October 2022
The Resilience Roundup highlights announcements and events along with links to the previous month's state, regional, and national resilience news. 
Learn more about CIRCA at circa.uconn.edu
and the Resilient Connecticut Project at resilientconnecticut.uconn.edu
CIRCA Updates
CIRCA's New Climate and Equity Grant Program

In accordance with the recommendations from the Governor’s Council of Climate Change, CIRCA, with funding from CT DEEP, will be seeking grant proposals for a new Climate & Equity Grant Program starting on October 10, 2022. This grant program will fund projects that increase the capacity of vulnerable communities to mitigate, plan for, and respond to climate change impacts, and is open to community-based organizations. Applicants may apply for smaller projects up to $10,000, or larger projects up to $50,000, with no match required. Applications will close November 7, 2022. If you have questions, please contact CIRCA's Community Resilience Planner, Mary Buchanan at mary.buchanan@uconn.edu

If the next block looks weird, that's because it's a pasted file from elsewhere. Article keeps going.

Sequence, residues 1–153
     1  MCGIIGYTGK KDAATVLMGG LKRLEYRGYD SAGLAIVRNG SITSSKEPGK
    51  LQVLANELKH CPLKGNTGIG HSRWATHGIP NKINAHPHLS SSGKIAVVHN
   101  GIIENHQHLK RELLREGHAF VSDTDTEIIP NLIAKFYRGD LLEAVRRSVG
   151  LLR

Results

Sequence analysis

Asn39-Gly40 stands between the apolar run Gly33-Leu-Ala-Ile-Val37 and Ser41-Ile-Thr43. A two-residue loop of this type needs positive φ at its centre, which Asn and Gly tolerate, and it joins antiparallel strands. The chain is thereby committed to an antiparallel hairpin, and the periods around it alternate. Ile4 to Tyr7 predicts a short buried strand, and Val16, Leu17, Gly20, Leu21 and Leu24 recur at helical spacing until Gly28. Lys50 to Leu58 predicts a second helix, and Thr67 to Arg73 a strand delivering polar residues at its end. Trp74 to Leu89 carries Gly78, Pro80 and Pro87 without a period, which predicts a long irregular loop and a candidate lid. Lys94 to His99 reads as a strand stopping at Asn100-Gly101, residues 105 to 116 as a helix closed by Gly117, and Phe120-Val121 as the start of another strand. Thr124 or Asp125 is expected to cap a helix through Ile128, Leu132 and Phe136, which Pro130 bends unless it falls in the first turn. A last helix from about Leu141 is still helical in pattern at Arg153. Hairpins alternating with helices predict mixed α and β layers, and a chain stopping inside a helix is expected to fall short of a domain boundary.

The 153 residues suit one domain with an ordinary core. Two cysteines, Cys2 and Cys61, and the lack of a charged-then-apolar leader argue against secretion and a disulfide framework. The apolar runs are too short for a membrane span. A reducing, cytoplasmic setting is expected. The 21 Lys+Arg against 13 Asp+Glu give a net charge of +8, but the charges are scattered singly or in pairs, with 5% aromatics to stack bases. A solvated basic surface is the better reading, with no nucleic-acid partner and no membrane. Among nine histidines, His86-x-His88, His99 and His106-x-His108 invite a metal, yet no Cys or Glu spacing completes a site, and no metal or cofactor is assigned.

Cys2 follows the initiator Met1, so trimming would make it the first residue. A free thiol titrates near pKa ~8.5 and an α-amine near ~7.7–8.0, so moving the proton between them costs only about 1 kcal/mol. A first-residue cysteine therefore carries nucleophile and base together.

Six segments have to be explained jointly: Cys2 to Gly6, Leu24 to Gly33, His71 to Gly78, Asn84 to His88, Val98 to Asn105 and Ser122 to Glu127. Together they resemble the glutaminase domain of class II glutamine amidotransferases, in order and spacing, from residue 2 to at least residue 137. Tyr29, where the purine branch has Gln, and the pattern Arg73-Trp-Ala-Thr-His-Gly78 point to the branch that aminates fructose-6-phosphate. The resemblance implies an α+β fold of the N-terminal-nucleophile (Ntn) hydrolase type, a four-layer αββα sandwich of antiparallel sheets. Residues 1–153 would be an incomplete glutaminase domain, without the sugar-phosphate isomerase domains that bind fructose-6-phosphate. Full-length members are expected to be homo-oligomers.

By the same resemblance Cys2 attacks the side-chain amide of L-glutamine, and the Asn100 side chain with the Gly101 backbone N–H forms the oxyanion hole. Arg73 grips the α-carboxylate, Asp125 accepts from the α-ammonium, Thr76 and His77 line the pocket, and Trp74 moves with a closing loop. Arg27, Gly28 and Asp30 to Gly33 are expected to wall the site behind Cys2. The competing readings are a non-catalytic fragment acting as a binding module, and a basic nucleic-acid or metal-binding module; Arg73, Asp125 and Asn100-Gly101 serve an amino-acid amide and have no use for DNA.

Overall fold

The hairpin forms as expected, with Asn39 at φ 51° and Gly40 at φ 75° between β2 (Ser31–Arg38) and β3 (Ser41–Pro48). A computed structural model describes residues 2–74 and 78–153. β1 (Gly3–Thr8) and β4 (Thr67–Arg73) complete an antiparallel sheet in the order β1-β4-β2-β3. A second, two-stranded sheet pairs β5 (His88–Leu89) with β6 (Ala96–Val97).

A webinar to learn more about this grant program will be held on October 25, 2022 at noon (a recording will be made available following the event). Register for the webinar today!

Resilient Connecticut Phase III Project Update

The seven projects that make up Resilient Connecticut's Phase III are now underway across several municipalities in Fairfield and New Haven Counties, including Danbury, Norwalk, Ansonia, Fairfield, Stratford, New Haven, and Branford. The initial tasks for these projects include developing stakeholder advisory committees in each area, reviewing initial modeling of current conditions, site surveys, and planning for the public engagement process for each municipality over the next year. Stay tuned in the coming months for announcements about how to participate in public workshops and events for each Phase III project. For more details about the scope of work for each of the seven projects, visit the Phase III webpage.

DEEP Climate Resilience Fund

Track 1- Planning Deadline: November 10, 2022
Track 2- Project Development Final Deadline: December 1, 2022

The DEEP Climate Resilience Fund provides grants to help Connecticut communities initiate planning and develop projects that will help communities become more resilient to the effects of climate change. The Fund specifically is intended to support climate resilience planning at regional, municipal, and neighborhood-level scales, and to support resilience project scoping and development. This historic state-level investment into climate resilience planning and project development was established by Executive Order 21-3 (EO21-3) in December 2021 and was one of 61 recommendations from the GC3 in 2021.

Track 1: Planning